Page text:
Iceland – Chautauqua, Day 1

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May 8, 2013 by Dr. G

The Nittany Lion hanging out on a lava field.  I'm trying my hardest to get my new friends/colleagues to realize that he is a mountain lion, not a bear!

The Nittany Lion hanging out on a lava field. I’m trying my hardest to get my new friends/colleagues to realize that he is a mountain lion, not a bear!  The light coloring is moss that covers the scoria outcrop.

I can’t believe that I started my day by landing in Reykjavik at 6:30 in the morning, and I have already seen and learned so much about Iceland (with more geologic knowledge to come!).

Myself and 12 additional colleagues (mostly from California, Washington, and Minnesota) are a part of this course in “Exploring Iceland’s Physical Geography and Geomorphology.”  Our leader, Jim Wysong, was wise in having our first day together be one where we get to know each other and get to know more about Reykjavik and the local culture.

To provide my students with some random Icelandic information… It was Vikings from Norway that first settled Iceland sometime between 870-940AD.  Today, Iceland has ~322,000 people living in the country, with 75% of that population in and around the capital city of Reykjavik.  The Icelandic mainland is approximately the same size as the state of Pennsylvania, with 70 golf courses (a popular and cheap sport in the country) and seven swimming pools (six are outdoors).  Geologically, there is some disagreement as to how the island formed… and we’ll get in to that later in the week!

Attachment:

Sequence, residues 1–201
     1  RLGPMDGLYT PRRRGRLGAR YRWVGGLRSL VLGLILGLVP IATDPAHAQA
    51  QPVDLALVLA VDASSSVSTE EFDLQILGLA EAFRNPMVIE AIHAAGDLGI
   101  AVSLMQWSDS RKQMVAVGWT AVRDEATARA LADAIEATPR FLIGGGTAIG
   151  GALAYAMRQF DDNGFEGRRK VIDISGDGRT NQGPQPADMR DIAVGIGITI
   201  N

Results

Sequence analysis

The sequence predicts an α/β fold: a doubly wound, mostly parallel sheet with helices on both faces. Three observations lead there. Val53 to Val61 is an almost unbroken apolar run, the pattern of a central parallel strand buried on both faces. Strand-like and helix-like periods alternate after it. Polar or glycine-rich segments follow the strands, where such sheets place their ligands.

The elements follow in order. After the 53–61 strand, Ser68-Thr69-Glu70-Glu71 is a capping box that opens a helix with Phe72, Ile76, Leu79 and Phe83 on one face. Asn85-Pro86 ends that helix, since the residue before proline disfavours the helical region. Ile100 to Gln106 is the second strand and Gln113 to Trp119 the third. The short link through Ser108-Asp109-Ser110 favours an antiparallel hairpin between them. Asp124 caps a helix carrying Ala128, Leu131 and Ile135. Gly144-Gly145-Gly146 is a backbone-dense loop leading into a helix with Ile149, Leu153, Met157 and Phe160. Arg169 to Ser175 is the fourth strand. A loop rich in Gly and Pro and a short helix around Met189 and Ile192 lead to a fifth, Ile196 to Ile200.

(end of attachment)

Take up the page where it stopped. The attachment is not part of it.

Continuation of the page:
Our first stop of the day – Hallgrimskirkja Church.  This is the National Church.  Its external and internal architectural style is Gothic yet resembles the volcanic feature columnar basalt.  In front of the church is a statue of Leif Ericson, the Norse explorer regarded as the first European to land in North America in the 1440’s (yes, that is before Christopher Columbus).  This 6th-largest architectural structure in Iceland that took 38 years to build also has a pipe organ with over 5,000 pipes!

The front entrance of Hallgrimskirkja Church.

The front entrance of Hallgrimskirkja Church.

Next stop – Harpa Concert Hall.  This site is an excellent example of new and modern design in a much older waterfront.  Docked next to an Icelandic Coast Guard ship is this two-year old concert hall and conference center.  The steel framework holds geometric-shaped glass panels, some of different colors to create an amazing effect on the inside when light shines through.  Absolutely stunning!

One of the outside views of the Harpa Concert Hall.  Note the colored window panels.

One of the outside views of the Harpa Concert Hall. Note the colored window panels in random spots.

Next stop – A walk from the Concert Hall to City Hall.  Reykjavik’s City Hall has an amazing 3D topographic map of the island that really helps a new visitor visualize the physical geography of the island.  Unfortunately, when we arrived at City Hall, one of the workers was putting away the map to get set up for a special event.  I wasn’t able to get a good photo or spend enough time looking at this map, but the quick look we did get certainly helps me frame what we will be seeing this week.